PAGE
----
Occupy Politics


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The latest national survey by Greenberg Quinlan Rosner for Democracy Corps reveals an intensely anti-establishment, anti-Washington, anti-Wall Street moment. Three-quarters of all voters say the country is on the wrong track; just 15 percent believe we are heading in the right direction—the lowest optimism since the crash and down 13 points since June. Negative ratings of the economy are up 5 points since last month and now equal what they were during the height of the economic crisis. It is angry and ugly out there, reflected in dramatic pull-back from the political and economic establishment: Washington, Wall Street, and politicians of both parties receive negative ratings across the board, hitting bottom with the Republican Congress. Nearly 60 percent of voters give Wall Street a negative rating. The President’s approval rating has dropped to 40 percent—the lowest in our tracking. But voters have pulled back more sharply from the Republicans; two-thirds now disapprove of the Republican Congress, almost half (48 percent) disapprove strongly.

Key Findings

Voters are intensely frustrated with an intractably stagnant economy. The state of the economy rates coolest of all, with nearly 80 percent of all voters giving the economy a cool rating.

Voters are frustrated with the economy but unreservedly angry with the political and economic establishment that cannot fix it. On our thermometer scale, voters have pulled back sharply from the president and both parties in Congress. They reserve much anger for Republicans in Congress but save the bulk of their anger for Wall Street and its banks and financial institutions. Fewer than 20 percent of voters give them a positive rating and almost 60 percent give them a negative rating.

The presidential ballot is even. While Obama has improved his standing among independent voters, the biggest pull-back from Barack Obama has come from his base—mostly young people and minorities.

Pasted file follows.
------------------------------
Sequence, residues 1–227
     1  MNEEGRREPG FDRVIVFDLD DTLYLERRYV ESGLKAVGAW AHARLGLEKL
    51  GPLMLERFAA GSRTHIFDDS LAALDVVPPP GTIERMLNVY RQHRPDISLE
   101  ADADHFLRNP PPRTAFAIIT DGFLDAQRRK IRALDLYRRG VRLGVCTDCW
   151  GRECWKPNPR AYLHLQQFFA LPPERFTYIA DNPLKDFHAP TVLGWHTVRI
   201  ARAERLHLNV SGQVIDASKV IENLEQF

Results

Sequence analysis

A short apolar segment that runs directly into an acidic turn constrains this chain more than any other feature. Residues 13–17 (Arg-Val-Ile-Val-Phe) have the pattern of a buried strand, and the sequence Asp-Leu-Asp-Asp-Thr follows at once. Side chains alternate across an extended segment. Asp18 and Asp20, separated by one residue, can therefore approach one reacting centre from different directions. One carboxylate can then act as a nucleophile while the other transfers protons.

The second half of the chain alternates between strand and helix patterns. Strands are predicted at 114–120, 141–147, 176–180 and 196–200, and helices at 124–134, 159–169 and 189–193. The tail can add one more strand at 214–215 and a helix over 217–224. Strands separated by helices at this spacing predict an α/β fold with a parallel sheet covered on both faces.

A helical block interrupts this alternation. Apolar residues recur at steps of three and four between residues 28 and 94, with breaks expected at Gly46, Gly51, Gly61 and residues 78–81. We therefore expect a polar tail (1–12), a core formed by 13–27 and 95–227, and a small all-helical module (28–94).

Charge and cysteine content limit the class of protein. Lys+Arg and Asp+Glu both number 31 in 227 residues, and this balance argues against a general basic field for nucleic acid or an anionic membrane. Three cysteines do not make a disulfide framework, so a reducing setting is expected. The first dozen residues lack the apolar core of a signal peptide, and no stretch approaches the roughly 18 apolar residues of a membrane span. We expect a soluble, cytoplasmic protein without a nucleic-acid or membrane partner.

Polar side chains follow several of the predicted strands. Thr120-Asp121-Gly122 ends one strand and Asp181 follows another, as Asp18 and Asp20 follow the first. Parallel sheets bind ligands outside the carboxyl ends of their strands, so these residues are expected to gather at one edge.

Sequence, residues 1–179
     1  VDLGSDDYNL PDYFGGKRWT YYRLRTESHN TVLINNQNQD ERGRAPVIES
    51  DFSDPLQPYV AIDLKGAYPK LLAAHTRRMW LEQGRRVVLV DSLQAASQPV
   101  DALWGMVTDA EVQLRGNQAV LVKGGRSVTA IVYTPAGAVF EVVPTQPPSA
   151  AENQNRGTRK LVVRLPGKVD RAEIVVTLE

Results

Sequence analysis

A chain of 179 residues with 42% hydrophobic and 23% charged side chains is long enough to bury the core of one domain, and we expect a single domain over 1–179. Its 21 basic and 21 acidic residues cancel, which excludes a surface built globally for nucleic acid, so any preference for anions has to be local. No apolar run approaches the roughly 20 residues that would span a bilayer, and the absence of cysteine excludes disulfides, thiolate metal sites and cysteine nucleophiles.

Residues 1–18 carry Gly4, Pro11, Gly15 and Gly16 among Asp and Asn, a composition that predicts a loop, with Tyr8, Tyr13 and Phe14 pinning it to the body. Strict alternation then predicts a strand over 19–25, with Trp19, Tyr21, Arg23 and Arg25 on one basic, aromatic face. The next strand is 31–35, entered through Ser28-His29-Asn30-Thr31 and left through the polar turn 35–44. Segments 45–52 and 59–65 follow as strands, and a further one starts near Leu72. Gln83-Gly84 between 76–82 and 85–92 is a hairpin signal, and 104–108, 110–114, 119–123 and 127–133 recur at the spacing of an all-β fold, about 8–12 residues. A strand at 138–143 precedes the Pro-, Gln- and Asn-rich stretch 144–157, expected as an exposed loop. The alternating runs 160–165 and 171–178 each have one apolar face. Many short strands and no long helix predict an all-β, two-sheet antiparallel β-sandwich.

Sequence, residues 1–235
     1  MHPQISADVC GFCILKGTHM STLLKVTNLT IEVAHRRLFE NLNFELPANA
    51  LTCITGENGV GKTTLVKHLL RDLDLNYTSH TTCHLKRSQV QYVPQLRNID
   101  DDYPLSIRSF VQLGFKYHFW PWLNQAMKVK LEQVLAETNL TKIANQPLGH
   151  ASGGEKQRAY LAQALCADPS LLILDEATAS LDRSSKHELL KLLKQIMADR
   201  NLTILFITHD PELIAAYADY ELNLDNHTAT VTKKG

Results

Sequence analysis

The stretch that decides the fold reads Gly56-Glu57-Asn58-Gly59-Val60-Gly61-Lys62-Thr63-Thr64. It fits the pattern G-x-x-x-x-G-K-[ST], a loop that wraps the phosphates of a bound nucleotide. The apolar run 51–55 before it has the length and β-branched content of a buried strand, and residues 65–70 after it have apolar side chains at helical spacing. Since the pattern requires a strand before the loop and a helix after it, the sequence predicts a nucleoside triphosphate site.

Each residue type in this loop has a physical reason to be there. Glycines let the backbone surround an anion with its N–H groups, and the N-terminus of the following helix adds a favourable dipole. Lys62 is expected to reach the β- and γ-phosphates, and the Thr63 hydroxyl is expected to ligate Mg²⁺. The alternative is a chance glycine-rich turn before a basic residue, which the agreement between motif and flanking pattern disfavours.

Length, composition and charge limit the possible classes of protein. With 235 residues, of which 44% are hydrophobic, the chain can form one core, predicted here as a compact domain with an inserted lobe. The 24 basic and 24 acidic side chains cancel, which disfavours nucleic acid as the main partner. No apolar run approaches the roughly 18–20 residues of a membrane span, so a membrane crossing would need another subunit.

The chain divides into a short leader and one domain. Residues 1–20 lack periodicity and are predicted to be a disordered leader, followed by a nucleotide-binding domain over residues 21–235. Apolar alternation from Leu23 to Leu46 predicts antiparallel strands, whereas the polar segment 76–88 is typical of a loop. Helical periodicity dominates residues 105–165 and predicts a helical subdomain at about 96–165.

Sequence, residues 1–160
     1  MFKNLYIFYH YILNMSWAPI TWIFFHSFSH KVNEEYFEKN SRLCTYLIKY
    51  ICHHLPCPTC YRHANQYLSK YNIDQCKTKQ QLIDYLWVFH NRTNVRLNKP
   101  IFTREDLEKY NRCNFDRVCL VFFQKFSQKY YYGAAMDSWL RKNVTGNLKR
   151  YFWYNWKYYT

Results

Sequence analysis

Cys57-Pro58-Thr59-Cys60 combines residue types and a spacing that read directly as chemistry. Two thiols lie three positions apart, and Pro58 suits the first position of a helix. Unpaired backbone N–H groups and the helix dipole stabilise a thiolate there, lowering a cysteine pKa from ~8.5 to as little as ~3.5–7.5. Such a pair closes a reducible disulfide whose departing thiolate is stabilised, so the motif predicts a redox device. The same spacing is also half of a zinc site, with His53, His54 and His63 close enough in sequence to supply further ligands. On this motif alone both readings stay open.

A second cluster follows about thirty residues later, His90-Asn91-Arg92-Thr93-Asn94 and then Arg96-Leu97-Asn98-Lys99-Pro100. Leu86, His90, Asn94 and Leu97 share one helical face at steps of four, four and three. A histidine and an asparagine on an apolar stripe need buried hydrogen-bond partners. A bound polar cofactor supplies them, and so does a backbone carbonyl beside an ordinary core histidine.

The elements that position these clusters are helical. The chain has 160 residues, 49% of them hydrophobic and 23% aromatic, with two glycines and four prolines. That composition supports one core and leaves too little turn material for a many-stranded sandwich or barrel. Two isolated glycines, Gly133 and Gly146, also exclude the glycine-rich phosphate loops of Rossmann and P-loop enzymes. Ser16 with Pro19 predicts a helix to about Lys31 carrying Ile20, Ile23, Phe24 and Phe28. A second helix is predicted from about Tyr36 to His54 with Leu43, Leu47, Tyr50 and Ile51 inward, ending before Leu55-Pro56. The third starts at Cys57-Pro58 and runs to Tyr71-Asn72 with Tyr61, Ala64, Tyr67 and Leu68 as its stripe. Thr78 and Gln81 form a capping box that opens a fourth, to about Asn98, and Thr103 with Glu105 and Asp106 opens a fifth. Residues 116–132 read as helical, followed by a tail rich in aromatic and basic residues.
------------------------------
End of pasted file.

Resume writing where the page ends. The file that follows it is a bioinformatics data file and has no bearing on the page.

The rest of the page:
Republicans in Congress are being held accountable for the mess in Washington. Less than a year after they made big election gains, voters have pulled back sharply.

  • Voters are intensely frustrated with an intractably stagnant economy. The state of the economy rates coolest of all, with nearly 80 percent of all voters giving the economy a cool rating.
  • Voters are frustrated with the economy but unreservedly angry with the political and economic establishment that cannot fix it. On our thermometer scale, voters have pulled back sharply from the president and both parties in Congress. They reserve much anger for Republicans in Congress but save the bulk of their anger for Wall Street and its banks and financial institutions. Fewer than 20 percent of voters give them a positive rating and almost 60 percent give them a negative rating.
  • The presidential ballot is even. While Obama has improved his standing among independent voters, the biggest pull-back from Barack Obama has come from his base—mostly young people and minorities.
  • Republicans in Congress are being held accountable for the mess in Washington. Less than a year after they made big election gains, voters have pulled back sharply.

Democracy Corps Occupy Politics Memo

Democracy Corps Occupy Politics Graphs

Democracy Corps Occupy Politics FQ